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Optometric phototherapy, is the branch of ocular science dealing with the application of selected light frequencies through the eyes. It has been used clinically for over 70 years in the field of optometry with continued success in the treatment of visual dysfunctions, including brain injuries and emotional disorders.
In optometry the use of phototherapy to treat visual dysfunctions is also called Syntonics.
Interest in the effect of light on the body intensified earlier this century. Most of the current therapeutic techniques used in syntonics are based on the work done by Dr. Harry Riley Spitler in the 1920s and 1930s. Dr. Spitler, who had both optometric and medical degrees, began researching and using phototherapy in 1909. Spitler, the author of "The Syntonic Principle", conceived the principles for a new science that he called "Syntonics". Syntonics, from the word syntony (to bring into balance), refers physiologically to a balanced, integrated nervous system.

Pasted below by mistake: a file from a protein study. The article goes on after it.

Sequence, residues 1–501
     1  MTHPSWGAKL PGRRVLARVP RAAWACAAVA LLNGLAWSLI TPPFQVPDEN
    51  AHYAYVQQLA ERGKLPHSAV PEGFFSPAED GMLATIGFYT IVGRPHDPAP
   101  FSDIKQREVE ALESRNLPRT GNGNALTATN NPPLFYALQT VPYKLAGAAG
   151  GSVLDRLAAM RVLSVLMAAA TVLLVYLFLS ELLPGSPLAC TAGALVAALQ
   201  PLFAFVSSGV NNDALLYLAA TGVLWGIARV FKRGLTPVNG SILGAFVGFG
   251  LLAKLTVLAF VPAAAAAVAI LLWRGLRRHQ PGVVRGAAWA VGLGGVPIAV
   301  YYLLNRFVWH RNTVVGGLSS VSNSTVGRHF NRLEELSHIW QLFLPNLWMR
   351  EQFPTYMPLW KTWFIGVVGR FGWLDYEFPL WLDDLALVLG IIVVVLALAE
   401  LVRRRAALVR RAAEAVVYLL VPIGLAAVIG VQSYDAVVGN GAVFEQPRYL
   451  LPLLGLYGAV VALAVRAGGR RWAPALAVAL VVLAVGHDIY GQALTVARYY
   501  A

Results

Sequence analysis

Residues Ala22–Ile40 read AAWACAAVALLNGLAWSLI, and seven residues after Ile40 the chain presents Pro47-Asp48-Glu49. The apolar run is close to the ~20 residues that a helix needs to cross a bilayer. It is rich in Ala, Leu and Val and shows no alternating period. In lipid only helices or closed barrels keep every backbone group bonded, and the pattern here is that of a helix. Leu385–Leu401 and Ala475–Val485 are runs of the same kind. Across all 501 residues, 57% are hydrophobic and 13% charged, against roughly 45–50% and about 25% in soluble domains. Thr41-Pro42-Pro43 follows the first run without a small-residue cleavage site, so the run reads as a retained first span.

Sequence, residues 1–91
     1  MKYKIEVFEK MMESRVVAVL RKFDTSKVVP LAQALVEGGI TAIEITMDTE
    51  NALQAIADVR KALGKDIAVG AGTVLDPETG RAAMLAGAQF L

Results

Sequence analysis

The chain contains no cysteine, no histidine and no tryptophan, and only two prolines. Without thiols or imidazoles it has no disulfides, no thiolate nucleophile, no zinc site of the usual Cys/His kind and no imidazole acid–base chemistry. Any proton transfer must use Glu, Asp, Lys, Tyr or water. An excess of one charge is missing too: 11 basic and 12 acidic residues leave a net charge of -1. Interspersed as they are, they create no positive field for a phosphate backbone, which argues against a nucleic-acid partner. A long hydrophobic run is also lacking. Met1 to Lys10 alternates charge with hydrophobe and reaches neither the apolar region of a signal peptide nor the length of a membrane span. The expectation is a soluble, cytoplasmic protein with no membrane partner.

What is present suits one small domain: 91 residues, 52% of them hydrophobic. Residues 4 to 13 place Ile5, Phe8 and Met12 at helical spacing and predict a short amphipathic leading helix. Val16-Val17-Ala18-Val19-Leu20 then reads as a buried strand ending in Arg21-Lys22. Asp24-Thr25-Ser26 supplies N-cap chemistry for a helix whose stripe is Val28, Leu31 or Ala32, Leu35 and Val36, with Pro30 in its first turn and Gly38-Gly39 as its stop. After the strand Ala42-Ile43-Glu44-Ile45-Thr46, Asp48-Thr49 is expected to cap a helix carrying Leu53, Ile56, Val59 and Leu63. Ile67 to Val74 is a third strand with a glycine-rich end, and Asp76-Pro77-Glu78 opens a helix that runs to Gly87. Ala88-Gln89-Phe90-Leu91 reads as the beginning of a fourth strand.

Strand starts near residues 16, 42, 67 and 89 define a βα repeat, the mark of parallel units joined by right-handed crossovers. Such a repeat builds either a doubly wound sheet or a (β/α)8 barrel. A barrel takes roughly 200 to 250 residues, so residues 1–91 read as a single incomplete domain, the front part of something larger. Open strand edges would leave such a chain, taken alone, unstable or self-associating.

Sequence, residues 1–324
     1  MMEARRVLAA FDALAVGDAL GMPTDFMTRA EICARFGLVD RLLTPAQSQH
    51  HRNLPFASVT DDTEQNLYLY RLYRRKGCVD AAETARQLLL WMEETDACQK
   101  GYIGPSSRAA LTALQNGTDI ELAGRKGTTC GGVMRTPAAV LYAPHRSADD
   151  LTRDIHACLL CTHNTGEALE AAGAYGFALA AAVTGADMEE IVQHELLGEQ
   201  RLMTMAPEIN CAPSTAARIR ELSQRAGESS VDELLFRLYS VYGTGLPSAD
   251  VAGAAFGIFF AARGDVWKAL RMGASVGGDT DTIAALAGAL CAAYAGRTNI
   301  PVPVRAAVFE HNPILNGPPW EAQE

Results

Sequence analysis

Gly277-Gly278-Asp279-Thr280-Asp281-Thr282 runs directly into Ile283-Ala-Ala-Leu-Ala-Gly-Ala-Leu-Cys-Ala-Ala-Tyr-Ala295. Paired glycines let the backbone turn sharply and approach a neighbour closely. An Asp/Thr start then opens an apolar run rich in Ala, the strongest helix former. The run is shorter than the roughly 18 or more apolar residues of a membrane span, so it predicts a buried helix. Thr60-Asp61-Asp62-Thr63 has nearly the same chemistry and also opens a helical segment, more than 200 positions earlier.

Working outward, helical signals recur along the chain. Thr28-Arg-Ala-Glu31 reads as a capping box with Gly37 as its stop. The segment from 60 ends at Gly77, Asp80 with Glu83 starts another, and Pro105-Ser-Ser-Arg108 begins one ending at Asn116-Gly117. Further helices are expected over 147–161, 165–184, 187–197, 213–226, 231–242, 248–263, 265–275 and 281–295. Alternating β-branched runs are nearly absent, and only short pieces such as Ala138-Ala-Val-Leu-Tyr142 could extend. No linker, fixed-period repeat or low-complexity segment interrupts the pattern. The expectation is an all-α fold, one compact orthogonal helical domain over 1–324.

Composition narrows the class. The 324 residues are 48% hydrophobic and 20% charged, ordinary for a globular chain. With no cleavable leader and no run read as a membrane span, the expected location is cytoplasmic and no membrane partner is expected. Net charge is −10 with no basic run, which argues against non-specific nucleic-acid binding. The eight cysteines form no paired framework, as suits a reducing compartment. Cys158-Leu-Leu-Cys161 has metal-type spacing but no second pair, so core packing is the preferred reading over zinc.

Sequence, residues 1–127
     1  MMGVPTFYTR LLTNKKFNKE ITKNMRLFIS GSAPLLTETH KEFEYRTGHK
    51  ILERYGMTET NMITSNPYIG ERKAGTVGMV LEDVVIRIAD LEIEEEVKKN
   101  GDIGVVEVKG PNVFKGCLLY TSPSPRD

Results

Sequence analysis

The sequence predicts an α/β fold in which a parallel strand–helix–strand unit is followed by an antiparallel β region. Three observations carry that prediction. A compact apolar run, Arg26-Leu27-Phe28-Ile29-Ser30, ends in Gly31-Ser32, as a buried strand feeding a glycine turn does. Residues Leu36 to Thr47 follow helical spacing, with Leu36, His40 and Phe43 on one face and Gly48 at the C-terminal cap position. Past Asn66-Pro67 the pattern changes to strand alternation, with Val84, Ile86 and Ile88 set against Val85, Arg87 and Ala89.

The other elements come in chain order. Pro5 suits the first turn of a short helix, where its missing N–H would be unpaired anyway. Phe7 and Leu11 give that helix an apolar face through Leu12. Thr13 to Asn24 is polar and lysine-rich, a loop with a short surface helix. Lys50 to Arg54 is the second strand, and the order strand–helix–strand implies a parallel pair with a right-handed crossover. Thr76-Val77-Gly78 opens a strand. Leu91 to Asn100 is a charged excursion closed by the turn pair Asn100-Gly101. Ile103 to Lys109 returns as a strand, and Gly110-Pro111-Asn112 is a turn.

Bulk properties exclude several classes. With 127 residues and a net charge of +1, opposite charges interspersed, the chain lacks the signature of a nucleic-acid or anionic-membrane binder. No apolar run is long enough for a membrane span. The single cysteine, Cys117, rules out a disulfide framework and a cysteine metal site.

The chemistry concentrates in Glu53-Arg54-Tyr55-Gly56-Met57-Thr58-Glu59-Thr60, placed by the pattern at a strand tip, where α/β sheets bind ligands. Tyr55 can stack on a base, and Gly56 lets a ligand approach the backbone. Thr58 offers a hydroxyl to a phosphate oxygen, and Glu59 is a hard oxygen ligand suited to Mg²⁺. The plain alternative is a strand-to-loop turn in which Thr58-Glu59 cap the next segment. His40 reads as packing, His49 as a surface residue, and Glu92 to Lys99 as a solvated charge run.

Certain biochemical conditions in the brain need to be present before effective cortical plasticity and new functions can occur. Neurotransmitters trigger this biochemistry and allow for additional synoptic connections to initiate movement and growth in new directions. Colored light therapy can act as a powerful tool to stimulate the biochemistry of the brain through the visual system by way of the retinal-hypothalmus brain connection.